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Short Story Collections

Soma Banerjee

By Brinda Charry
Harper Collins, New Delhi, 2010, pp. 224, Rs. 250.00

By Sumit Mullick
Macmillan Publishers, Delhi, 2010, pp. 360, Rs. 295.00

By Ankur Betageri
Pilli Books, bengaluru, 2011, Rs. 221.00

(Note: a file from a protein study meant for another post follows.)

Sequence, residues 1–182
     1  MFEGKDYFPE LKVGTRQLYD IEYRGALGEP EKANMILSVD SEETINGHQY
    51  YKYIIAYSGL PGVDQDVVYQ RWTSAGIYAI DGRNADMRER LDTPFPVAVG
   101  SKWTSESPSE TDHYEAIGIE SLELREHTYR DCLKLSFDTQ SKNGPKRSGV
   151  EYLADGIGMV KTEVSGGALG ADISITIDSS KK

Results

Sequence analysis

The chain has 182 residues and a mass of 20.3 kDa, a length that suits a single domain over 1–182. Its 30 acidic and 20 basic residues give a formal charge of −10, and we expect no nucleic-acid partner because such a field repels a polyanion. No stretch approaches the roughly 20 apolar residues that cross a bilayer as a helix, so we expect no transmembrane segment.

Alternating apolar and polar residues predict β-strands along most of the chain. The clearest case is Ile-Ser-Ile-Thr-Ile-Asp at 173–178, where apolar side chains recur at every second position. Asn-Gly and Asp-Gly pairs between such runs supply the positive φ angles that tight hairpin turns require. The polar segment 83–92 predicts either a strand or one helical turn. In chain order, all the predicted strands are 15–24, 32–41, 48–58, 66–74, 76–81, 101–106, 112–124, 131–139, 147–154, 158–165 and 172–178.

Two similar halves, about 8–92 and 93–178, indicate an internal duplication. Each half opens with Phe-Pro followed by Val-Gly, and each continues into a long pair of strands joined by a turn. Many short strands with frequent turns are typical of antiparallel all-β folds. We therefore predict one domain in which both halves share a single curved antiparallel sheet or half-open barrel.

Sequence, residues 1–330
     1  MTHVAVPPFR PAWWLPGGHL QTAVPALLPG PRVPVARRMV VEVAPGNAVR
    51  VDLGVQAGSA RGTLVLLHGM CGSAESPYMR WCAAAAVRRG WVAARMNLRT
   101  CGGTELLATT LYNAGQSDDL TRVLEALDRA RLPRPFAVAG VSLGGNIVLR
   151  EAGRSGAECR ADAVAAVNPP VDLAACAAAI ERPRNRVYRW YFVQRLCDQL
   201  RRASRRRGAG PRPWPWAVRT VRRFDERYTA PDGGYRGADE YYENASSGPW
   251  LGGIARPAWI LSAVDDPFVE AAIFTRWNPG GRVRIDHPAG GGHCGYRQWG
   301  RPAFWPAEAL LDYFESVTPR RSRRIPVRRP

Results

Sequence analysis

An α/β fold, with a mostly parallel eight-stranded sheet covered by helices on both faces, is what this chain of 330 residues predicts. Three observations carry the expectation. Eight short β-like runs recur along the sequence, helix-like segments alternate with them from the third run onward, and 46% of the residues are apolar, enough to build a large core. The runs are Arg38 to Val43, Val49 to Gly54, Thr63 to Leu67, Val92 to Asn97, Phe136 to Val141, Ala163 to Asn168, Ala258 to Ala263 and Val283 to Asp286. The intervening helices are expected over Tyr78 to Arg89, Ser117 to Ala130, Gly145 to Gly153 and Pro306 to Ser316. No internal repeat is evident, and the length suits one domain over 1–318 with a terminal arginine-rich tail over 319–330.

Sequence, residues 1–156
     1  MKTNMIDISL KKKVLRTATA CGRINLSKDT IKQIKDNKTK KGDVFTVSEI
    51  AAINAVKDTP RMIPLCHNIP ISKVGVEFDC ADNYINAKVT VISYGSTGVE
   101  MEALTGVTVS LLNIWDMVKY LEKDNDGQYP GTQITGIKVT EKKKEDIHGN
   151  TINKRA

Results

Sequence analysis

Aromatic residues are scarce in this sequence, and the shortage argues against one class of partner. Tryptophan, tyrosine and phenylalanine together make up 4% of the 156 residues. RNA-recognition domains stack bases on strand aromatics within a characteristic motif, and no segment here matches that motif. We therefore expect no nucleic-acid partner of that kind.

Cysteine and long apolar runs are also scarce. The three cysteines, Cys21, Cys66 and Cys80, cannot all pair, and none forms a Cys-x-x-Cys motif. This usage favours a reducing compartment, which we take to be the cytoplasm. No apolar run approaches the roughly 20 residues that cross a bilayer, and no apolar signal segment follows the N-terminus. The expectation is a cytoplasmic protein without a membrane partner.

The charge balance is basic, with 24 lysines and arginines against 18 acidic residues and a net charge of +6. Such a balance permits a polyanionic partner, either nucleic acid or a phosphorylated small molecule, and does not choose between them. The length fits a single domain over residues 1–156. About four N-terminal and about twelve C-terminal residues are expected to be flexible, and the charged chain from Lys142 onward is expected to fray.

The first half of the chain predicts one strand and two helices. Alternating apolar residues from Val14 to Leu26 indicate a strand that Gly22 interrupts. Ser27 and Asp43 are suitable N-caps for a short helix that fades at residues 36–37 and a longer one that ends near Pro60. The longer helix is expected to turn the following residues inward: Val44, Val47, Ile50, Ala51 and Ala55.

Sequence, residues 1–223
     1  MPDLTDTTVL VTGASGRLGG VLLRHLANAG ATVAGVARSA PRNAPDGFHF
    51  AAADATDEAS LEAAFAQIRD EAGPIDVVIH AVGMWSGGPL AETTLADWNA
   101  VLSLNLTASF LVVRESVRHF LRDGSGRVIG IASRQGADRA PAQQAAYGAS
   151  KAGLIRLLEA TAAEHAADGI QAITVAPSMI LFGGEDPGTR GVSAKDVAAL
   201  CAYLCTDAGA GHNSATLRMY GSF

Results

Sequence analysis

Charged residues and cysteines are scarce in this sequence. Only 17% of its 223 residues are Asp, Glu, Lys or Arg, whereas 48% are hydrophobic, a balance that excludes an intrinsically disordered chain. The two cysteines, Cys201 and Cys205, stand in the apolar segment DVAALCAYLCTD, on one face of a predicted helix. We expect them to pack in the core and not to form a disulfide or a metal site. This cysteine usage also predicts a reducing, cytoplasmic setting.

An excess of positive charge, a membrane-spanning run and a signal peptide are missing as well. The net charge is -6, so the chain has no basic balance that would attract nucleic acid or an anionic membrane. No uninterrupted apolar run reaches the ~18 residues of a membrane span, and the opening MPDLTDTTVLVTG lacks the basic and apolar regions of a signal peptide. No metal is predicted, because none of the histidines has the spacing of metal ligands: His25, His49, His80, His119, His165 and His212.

The books under review are three collections of short stories, each quite different from the other in content and style. Brinda Charrys characters are drawn from her childhood and surroundings. In Sumit Mullicks world, nothing is as it appears on the surface. Ankur Betageri adds an element of the surreal and improbable to his world.   First Love is a compilation of eleven short stories, several of which were published earlier in The Hindu and other publications. She won the Katha Award for Creative Fiction for Shadow, a heartwarming story about a Muslim woman who takes shelter in the shed of a brahmin womans house. The initial stories in the compilation were written early on in her career. The reader witnesses the evolution of Charrys craft from simplistic childlike descriptions of pain and love in Mallika to the more complex and nuanced story of Ramanujan in Boston Brahmin. This collection, loosely based on the theme of love, touches upon a diverse set of social issues. Through each of these stories, she paints a vivid picture of the world that is so familiar to us.   First Love, the story from which the book derives its name is centred on love and jealousy. It captures the mean and selfish aspect of love, which robs a child of innocence, blinds a person to the extent of destroying the happiness of the loved one. Shadow explores another kind of lovethe kind that stems from compassion and mutual understanding. In this story, Charry effectively captures the anguish of two seemingly different womenone a supposedly fallen woman on the run after killing her lover and the other a housewife of twenty years who still does not feel at home within the four walls of the house. Raghus love in Waiting for the Queen is of yet another kind, the kind that compels him to run eight miles in half an hour. In Mr William Graham: A Ghost Story, Sundaris selflove leaves quite an impression and you cannot stop yourself from raising your hat to her.   Brinda Charrys characters are real and well etched out. Though you may not empathize with the plight of Sundari or comprehend young Raghus passionate outbursts, yet you will not remain untouched by them. The narrative is simple, freeflowing and engaging. Charry does not believe in embellishing her plots and characters with unnecessary details, and leaves you to interpret them on the basis ...

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